WEEK 11: (10th – 16th December 1917)

They gave me some instructions about the stalls, Women Delegates’ vegetable stall & the shirts etc. Mrs Ginnell was in the W.D. stall first next door to the shirts – & then Miss Barton, whom I like better. There was a big dolls’ house on the counter, made & furnished by Grace Plunkett, & this was a great attraction; every day I was there my principal work was opening the front of it for people to look in.”

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WEEK 8: (19th – 24th November 1917)

“Then Mrs Hayden read a short paper, very good, with sound stuff about the rise of the women workers in it, & a good national tone, & Dorothea gave an account of women in Burmah, illustrated with bits of The Soul of a People, which were rather loathsome in some ways. They seem very free in many ways – marriage & business – but they don’t care to be even temporary nuns, so the girls get no education, as secular schools are unknown. Without education of course they can’t be free, & they understand, the book said, that they are not capable of taking part in public affairs, so leave them alone. “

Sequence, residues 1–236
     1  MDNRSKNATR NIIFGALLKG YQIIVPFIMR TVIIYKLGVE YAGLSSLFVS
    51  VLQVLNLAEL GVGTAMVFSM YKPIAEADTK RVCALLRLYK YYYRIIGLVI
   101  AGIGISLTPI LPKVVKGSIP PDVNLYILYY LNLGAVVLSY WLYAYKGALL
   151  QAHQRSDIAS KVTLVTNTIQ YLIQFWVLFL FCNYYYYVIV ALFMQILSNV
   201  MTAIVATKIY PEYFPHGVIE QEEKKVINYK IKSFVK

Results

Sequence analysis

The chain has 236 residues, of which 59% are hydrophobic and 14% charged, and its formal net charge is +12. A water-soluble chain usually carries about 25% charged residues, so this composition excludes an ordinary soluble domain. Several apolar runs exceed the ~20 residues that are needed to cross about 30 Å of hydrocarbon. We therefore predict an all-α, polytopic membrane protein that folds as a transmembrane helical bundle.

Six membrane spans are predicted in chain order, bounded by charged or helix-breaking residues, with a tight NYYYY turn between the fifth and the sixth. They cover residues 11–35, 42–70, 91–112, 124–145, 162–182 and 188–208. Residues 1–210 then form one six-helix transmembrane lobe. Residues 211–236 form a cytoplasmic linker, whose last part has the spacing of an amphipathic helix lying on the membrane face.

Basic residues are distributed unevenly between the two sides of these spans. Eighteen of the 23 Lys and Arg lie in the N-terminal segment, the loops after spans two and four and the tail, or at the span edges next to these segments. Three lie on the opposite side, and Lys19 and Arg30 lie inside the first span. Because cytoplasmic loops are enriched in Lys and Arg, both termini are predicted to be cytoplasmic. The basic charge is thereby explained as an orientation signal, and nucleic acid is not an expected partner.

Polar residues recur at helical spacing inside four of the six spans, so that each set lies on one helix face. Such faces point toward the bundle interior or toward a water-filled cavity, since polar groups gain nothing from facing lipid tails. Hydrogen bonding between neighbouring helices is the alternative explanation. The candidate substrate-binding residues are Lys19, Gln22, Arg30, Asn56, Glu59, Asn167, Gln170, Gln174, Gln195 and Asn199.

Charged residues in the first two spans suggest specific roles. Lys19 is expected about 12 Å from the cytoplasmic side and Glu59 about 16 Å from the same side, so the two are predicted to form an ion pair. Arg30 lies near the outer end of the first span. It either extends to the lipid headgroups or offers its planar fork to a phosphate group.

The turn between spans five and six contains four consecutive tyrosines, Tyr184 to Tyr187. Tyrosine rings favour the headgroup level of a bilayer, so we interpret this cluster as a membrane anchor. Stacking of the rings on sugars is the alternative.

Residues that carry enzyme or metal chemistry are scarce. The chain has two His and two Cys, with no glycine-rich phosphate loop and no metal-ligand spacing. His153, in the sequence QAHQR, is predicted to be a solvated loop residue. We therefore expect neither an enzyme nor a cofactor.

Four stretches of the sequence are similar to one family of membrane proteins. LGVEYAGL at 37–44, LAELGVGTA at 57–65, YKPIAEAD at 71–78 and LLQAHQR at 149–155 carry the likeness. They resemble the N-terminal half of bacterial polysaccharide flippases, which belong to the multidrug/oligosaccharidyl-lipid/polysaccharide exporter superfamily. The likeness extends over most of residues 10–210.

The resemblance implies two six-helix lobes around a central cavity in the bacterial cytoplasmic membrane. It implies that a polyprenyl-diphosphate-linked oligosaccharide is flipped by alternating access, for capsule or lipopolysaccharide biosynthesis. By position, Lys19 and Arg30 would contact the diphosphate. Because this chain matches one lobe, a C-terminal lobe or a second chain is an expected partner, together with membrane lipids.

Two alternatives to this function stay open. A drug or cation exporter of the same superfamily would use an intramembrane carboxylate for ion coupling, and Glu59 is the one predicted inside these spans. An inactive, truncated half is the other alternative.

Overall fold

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WEEK 3: (15th – 21st October 1917)

I went to the S. F. committee in the evening, and they went over all the branch resolutions in the Convention agenda & instructed us to vote for or against each, or as we liked. There was only one that we were told to vote against; adherence to the policy as expounded by A. G. Séan Matthews was very determined against that, thinking it repudiated the use of arms altogether”.

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